After three days of striking, New York City nurses returned to work after a series of successful negotiations with hospital executives rendered improved staffing ratios for healthcare workers.

While this strike is a success story in achieving more manageable workplace conditions, the issues at hand are not isolated to New York City. Staffing shortages and burnout continue to run rampant among the healthcare sector throughout the nation. It’s putting both nurses and patients at risk.

Three nurses from hospitals across the country sat down with Insider to discuss the current reality of working in healthcare–as nurses are asked to do more with less resources. Christopher Otto, Executive Director of the Delaware Nurses Association, detailed how strained patient-to-nurse staffing ratios force caregivers solely to prioritize keeping patients alive—forcing them to forego any supplemental patient needs that are not deemed necessary, such as extra communication with family members, personal hygiene care, and more.

“I’ve had to say that I really want to be able to stop and talk to you and tell you what’s going on, but…oh, I’ve got to go over here and tend to my other patient or my other patient,” he said.

Minneapolis nurse Kelley Anaas expressed concern over the seemingly endless nature of the nursing shortage. She commented, “what really scares me, is we see the tail end of the Boomer generation retiring and the population itself getting older and is going to be needing more healthcare. There’s not going to be nurses.”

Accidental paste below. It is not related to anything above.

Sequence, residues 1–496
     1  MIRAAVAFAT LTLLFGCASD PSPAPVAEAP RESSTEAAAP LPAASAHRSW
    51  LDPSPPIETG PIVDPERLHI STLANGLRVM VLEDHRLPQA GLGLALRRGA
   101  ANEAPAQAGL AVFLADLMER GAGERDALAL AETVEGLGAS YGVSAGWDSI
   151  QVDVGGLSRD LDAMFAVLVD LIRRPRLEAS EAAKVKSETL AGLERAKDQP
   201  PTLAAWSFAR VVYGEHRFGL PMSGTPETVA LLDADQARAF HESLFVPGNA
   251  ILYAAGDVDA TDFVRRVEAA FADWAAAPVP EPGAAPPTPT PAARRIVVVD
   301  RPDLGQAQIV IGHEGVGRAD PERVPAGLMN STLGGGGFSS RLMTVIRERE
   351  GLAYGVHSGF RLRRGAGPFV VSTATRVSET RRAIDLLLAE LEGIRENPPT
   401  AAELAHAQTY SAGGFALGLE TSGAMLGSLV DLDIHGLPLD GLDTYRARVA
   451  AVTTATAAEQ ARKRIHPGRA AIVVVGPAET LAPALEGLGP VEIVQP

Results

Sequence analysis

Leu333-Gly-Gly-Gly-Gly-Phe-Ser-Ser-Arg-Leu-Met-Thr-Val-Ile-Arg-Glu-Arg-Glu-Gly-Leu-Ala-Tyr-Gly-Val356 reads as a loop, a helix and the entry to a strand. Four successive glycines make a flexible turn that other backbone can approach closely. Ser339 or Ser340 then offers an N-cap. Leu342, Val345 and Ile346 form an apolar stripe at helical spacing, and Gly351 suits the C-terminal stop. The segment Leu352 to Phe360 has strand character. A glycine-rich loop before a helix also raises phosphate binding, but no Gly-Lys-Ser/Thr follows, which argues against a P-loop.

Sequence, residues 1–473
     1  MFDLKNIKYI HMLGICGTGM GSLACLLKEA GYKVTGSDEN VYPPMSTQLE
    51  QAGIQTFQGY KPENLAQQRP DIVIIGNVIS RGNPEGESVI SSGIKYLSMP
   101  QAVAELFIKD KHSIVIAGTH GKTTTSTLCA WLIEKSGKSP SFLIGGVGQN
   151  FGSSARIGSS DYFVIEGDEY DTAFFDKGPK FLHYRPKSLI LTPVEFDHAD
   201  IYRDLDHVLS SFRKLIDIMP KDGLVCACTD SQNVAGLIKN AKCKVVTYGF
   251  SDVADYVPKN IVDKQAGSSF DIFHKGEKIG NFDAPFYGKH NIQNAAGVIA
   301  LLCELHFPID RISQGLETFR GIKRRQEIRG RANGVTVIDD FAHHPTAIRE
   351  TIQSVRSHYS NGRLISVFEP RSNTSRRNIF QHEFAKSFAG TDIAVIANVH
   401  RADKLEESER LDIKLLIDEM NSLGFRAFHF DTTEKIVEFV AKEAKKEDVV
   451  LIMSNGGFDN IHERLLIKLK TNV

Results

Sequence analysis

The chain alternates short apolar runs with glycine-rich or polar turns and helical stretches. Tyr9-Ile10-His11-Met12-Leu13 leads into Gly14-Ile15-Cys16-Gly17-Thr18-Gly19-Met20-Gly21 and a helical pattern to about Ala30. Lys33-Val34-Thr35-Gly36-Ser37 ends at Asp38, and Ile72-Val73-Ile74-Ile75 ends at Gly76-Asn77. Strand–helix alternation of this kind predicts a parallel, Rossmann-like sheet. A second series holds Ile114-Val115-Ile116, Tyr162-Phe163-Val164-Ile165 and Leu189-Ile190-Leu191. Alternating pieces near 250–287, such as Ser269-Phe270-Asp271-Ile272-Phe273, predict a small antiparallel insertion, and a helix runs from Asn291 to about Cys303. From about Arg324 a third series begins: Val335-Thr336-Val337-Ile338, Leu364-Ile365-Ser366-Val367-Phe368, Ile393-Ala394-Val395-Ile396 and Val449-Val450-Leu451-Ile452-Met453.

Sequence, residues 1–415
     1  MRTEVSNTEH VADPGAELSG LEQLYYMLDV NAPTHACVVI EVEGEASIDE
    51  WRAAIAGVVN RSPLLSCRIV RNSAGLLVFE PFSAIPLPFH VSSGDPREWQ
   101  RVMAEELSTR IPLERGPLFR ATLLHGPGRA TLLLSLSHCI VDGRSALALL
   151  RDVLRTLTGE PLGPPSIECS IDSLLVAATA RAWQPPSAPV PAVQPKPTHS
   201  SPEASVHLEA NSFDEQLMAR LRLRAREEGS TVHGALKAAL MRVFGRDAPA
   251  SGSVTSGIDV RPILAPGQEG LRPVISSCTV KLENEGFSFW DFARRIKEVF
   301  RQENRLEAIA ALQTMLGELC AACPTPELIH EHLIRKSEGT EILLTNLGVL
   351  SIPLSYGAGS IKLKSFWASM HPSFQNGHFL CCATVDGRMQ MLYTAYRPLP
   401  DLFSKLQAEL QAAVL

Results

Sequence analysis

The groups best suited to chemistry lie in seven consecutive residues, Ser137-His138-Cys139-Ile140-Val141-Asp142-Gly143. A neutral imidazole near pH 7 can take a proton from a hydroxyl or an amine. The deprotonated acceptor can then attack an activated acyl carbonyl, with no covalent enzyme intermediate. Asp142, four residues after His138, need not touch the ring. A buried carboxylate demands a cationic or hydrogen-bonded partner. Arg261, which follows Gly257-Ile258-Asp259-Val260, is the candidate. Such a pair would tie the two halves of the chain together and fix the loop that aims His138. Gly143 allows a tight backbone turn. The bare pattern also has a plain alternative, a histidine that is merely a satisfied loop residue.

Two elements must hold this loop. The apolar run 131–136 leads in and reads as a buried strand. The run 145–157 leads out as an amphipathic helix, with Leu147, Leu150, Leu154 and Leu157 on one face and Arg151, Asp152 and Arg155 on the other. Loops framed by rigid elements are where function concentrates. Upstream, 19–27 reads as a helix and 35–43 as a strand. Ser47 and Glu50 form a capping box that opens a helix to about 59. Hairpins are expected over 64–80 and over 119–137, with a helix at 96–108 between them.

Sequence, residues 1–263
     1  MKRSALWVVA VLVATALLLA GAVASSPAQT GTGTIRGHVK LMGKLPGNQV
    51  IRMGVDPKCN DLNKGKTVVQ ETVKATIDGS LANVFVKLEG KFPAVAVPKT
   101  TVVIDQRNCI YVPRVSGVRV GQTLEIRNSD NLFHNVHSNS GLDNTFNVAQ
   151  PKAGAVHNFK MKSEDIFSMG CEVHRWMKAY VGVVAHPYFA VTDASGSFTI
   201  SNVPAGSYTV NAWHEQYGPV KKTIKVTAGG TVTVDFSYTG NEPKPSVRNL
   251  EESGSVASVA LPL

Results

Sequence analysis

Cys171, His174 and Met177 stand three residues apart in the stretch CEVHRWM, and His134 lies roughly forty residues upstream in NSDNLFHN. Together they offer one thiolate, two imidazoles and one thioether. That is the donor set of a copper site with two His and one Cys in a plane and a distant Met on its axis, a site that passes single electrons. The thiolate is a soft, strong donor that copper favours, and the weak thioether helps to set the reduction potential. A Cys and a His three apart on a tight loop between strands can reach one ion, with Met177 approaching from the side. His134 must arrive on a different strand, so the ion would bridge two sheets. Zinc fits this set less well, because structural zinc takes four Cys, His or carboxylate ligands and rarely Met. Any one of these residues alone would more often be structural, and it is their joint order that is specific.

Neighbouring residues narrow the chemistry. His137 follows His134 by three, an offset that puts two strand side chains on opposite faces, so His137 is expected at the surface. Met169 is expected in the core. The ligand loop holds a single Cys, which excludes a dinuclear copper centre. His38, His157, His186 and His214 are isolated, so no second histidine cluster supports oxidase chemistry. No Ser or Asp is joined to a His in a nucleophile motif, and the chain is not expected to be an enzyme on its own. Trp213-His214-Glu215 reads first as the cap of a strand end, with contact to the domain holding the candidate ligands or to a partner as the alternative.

As more workers leave the field, nurses who choose stay are stretched thin in environments fundamentally strained for resources. Sometimes, this results in hospitals mandating night shifts or scheduling nurses for multiple back-to-back days. Nurses need ample rest, as exhaustion has implications beyond a personal inconvenience—in the medical field, minor flaws can be fatal.

Many professionals have suggested that the Joint Commission, which oversees accreditation for over 22,000 US healthcare organizations, implement and mandate specific nurse-to-patient ratios. To meet these standards, hospitals must employ unique methods to garner a robust nursing workforce, capable of meeting the needs of every patient. Foreign-educated nurses offer a clear solution to gaps in care, and these professionals should be utilized by America’s healthcare facilities.

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